In 1965, Miller published Living Systems: Basic Concepts, a 120-page cybernetics based book.
In 1978, Miller, in his Living Systems, a thousand-page expansion of the former, attempted to outline a biology-based sociology, discussing his views on “open” and “closed” systems (albeit defined incorrectly), and how entropy relates to such systems.  Miller uses the abstract conception of “matter-energy” as well as information as that which may cross the boundary of the system. The following quote summarizes his view of systems: 
“Most concrete systems have boundaries which are at least partially permeable, permitting sizable magnitudes of at least certain sorts of matter-energy or information transmissions to cross them … such a system is an open system. A closed system, in contrast, is one with impermeable boundaries through which no matter-energy or information transmissions of any sort can occur. In open systems entropy may increase, remain in steady state, or decrease.”
The conception of "matter-energy or information" crossing a thermodynamic boundary, however, make little sense (see: thermodynamic information fallacy).
Miller completed his AB (1937), AM (1938), and PhD with a thesis on thesis: on unconsciousness and subliminal perception (1943) all in psychology at Harvard University. Miller also obtained his MD from Harvard Medical School in 1942 focusing on psychiatry and general medicine. 
The following quote summarizes Miller’s view of living systems, whether it be an organism, a group, an organization, a society, or a supranational system: 
“Living systems maintain a steady state of negative entropy even though entropic changes occur in them as they do everywhere else. This they do by taking in inputs of foods or fuels, matter-energy higher in complexity or organization or negentropy, i.e. lower in entropy, than their outputs.”
Miller also speculates on the relationship between energy and entropy; reasoning, for instance, that it may be possible to determine the minimal amount of energy necessary to transmit one bit of information.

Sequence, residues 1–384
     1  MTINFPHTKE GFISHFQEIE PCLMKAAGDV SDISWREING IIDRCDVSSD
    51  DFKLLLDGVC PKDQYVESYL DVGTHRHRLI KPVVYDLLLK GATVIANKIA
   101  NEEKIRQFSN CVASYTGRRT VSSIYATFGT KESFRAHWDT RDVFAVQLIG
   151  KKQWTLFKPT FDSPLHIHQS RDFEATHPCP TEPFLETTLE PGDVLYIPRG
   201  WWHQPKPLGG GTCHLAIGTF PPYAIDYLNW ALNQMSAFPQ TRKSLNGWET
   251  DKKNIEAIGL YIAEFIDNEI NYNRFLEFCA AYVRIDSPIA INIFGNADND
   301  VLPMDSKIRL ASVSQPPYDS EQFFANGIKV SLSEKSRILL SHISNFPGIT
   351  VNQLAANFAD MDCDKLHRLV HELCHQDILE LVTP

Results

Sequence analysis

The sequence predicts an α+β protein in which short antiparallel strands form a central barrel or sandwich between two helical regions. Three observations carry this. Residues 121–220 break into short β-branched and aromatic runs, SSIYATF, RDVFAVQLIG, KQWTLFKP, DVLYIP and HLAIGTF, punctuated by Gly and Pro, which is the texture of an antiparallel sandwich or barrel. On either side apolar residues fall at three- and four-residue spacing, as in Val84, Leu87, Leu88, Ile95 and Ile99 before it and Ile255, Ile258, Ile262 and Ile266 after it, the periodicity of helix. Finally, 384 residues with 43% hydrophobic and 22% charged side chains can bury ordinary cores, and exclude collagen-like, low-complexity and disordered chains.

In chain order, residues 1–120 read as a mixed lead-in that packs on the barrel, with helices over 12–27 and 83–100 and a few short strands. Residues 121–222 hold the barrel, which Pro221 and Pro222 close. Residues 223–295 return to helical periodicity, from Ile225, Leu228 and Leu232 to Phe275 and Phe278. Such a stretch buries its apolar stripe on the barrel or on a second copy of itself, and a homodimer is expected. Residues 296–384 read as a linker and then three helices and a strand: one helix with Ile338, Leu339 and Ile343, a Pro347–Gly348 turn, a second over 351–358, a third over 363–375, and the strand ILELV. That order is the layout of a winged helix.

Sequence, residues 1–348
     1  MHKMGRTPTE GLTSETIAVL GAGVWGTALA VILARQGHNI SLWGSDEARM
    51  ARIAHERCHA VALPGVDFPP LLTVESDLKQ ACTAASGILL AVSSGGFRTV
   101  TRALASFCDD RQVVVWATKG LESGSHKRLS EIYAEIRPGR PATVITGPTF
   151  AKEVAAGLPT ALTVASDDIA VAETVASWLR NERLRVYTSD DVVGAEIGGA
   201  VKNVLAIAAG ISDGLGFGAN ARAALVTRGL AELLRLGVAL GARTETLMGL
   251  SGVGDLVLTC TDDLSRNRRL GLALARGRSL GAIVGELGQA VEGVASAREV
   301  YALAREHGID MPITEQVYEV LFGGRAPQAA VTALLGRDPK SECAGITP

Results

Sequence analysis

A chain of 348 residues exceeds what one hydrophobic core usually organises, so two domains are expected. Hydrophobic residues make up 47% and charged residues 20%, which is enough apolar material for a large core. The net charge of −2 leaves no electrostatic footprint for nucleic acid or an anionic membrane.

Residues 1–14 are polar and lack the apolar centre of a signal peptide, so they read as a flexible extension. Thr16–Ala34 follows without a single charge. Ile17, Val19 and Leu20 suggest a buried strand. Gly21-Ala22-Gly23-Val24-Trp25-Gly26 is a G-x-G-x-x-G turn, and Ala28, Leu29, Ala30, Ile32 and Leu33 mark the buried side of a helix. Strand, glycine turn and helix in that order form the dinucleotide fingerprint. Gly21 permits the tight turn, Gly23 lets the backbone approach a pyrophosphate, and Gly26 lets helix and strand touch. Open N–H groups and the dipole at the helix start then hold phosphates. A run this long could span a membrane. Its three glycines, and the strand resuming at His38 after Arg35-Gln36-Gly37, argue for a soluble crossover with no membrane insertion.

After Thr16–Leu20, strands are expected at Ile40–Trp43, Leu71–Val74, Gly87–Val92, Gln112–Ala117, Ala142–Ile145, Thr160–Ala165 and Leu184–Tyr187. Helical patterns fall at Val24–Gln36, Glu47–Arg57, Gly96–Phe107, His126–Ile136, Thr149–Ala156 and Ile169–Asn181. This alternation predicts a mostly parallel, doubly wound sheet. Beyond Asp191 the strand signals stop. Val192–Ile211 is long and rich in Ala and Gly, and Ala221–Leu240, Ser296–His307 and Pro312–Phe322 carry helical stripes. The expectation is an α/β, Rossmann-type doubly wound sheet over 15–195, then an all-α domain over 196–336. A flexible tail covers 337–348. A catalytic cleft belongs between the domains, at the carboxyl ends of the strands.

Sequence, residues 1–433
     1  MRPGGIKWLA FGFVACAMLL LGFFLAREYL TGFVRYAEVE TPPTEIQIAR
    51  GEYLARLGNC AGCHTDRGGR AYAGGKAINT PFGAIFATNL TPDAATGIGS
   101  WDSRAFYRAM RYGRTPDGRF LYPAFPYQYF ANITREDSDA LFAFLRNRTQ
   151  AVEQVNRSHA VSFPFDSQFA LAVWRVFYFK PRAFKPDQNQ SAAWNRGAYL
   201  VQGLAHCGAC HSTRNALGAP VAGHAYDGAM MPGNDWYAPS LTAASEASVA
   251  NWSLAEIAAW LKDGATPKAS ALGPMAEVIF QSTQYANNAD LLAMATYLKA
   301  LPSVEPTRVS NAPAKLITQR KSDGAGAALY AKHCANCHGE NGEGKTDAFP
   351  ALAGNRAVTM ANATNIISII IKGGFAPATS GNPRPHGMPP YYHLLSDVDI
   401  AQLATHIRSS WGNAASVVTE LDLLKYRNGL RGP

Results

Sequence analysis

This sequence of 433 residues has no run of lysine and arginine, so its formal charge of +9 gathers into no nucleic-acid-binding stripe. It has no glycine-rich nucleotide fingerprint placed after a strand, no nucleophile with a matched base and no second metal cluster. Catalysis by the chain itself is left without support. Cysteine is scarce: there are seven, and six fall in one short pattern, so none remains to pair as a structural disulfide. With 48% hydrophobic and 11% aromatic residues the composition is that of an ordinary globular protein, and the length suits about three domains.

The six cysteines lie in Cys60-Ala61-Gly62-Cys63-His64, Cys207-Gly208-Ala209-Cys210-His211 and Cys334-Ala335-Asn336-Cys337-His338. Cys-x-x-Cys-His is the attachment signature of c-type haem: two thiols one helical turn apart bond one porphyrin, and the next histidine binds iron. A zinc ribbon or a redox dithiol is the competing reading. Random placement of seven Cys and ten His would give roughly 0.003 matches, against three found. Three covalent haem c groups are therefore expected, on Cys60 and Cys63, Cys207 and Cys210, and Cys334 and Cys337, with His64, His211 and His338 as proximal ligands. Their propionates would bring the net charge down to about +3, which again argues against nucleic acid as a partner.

Biology and social science
Miller’s original seed or goad of interest in living systems theory came from English-born American mathematical philosopher Alfred Whitehead, who in the mid 1930s was a mentor to Miller at Harvard. Whitehead suggested that Miller make a serious attempt to develop a theoretical integration of the biological and social sciences dealing with mankind and other living beings comparable to the physical universe theories of English physicists Arthur Eddington and James Jeans.  It is likely from Eddington’s 1928 book The Nature of the Physical World that Miller learned his definition of entropy.
1. Bailey, Kenneth D. (1990). Social Entropy Theory (pgs. 42, 84). New York: State University of New York Press.
2. Miller, James G. (1978). Living Systems (pgs. 11, 17-18). McGraw-Hill.
3. James Grier Miller – International Society for the Systems Sciences.
● Bailey, Kenneth D. (1994). Sociology and the New Systems Theory: Toward a Theoretical Synthesis (ch. 7: Living Systems Theory and Social Entropy Theory: A Congruence, pgs 255-84). SUNY Press.
● James Grier Miller – Wikipedia.
● James Grier Miller, 1916-2002 (Obituary) – Neuropsychopharmacology.